Jecker argues that there are less coercive ways to get people on board, like clear communication from community members and trusted leaders; enhanced education and access for harder-to-reach groups, and advertising the benefits of being able to see family safely and travel again. Indeed, the U.C.L.A. survey found that for unvaccinated Republicans, especially, the prospect of dropping mask mandates enhanced willingness to get vaccinated as much as the $25 did. 

That’s the tack West Virginia will take in the next phase of its get-the-shot campaign: This week, Governor Justice announced that he’d only drop the state’s mask mandate when the vaccination rate improves.

Meanwhile, the menu of post-shot giveaways has expanded dramatically since March, when Krispy Kreme announced that they’d give a donut a day throughout 2021 to those who showed their vaccination card, kicking off a domino effect of perks (along with backlash from anti-vaccination activists, and muted concern from public health experts who fretted about the long-term effects of a daily donut). The company said it did not yet have an update on how many people had taken advantage of the offer.

In April, Connecticut Governor Ned Lamont announced that some restaurants would be giving out free drinks to those who flashed their vaccine ID along with their regular ID. New Jersey Governor Phil Murphy and D.C. Mayor Muriel Bowser joined the free-beer train. On April 20, cannabis activists handed out joints to people in New York City and D.C. with a vaccination card, to celebrate the auspicious weed holiday while celebrating social responsibility. At the Snoqualmie tribal vaccination clinic in Seattle, some of the inoculated went home with tree saplings to nurture. Seattle Sounders pro soccer games now come with a walk-up vaccination clinic. 

So is there any real harm in handing out some free stuff? Probably not, says Vanderbilt’s Schaffner. “The joke is, if you want residents to come to an educational conference, provide food. They’ll be there for that.”

But practical incentives, such as paid time off to make it to an appointment and allow for side-effect recovery, are the best sell, he says. “One way to incentivize is to cover transportation costs, or reimburse people for their time off … so that people don’t incur expenses by doing the right thing,” added Jecker. “That, to me, is a way of covering costs without creating undue inducement, and it’s also a way of making vaccination more accessible to those who are most vulnerable.”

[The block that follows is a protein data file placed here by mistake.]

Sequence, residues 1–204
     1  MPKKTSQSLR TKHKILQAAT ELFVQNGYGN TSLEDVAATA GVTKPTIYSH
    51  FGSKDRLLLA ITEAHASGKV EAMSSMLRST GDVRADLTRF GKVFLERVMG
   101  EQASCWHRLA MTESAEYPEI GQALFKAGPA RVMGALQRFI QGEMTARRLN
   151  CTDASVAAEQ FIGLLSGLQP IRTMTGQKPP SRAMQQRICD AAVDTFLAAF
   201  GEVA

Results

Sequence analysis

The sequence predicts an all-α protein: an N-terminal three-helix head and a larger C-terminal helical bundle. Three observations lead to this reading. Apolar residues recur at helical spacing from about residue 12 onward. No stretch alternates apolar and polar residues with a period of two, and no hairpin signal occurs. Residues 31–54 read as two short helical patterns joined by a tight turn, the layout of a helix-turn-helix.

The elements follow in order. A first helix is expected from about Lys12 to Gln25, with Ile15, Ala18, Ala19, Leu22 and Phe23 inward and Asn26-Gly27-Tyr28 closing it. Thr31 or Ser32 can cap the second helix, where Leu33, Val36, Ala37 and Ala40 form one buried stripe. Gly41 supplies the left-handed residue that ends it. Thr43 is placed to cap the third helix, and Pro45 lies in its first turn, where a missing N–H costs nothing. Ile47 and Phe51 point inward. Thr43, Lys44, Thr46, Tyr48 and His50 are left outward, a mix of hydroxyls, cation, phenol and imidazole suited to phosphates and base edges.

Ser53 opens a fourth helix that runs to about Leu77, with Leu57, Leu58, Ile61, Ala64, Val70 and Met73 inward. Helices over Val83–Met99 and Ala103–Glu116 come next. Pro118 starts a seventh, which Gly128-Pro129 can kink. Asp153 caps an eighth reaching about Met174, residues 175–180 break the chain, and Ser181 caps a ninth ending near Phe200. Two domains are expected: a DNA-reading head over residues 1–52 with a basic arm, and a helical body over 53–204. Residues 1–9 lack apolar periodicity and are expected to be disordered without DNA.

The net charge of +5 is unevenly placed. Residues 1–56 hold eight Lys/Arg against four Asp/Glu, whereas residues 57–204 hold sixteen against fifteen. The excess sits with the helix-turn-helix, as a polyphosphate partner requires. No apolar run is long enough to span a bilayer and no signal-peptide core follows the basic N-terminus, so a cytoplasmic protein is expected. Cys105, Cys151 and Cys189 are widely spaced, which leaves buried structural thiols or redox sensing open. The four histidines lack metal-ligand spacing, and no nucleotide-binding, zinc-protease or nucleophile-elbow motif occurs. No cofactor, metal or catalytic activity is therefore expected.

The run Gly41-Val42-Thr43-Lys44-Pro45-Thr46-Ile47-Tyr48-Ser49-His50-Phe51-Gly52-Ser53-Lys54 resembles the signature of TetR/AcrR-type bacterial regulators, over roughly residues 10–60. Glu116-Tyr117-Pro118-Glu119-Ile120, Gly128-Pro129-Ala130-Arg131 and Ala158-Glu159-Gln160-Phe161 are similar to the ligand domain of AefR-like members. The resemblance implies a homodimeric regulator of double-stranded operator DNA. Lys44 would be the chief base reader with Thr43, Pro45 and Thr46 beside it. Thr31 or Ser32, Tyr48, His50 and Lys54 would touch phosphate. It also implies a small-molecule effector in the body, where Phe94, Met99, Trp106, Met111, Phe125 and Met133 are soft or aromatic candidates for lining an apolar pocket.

Outside the U.S., the vaccine outreach story looks very different. As a devastating surge of new Covid cases strains fragile medical systems in India and South America, vaccines remain scarce or unavailable in many communities. There may appear to be less need to bribe people with snacks to get shots, but vaccine hesitancy is a major challenge in places that have struggled to mount inoculation campaigns. In Mexico City, for example, the city has filled vaccine sites with a range of entertainment options, including live music, yoga classes and appearances by a troupe of Lucha Libre wrestlers, to boost turnout and ease anxieties.

Aided by grant funding from Bloomberg Philanthropies, cities in 18 countries will be getting up to $50,000 in funding to optimize their vaccination campaigns from the beginning. Buenos Aires, for example, will dispatch formerly homeless outreach workers to encourage vaccination among isolated, elderly and hesitant residents; transgender people will do the same with their communities in hard-hit Rio de Janeiro. (Disclosure: Michael Bloomberg is the founder and owner of Bloomberg LP, the parent company for Bloomberg CityLab.)

“We have not started mass vaccination of the population yet. However, national surveys have shown that there is a degree of vaccine hesitancy,” fostered by fears about side effects and a preference toward natural immunity by contracting the virus, said Dan Plato, mayor of Cape Town, South Africa, in an email. With its grant, the city plans to flood the radio and paper minibus taxis with vaccine ads, and try to reach the half a million unhoused people, as well as residents without cell phones, with mobile registration sites. 

More rigorous testing will be needed to see what incentive campaigns work, researchers say: Are they reaching people who wouldn’t have been vaccinated otherwise? Are they balancing social pressure with preserving autonomy? Are they meeting people where they’re at? 

“You really want to make sure that they’re not going in the opposite direction,” said Harvard’s Pandya. “And it’s worth knowing if they’re having no effect, because you could use that money to in other ways to help promote vaccinations. It’s a question of where you want to allocate your resources.”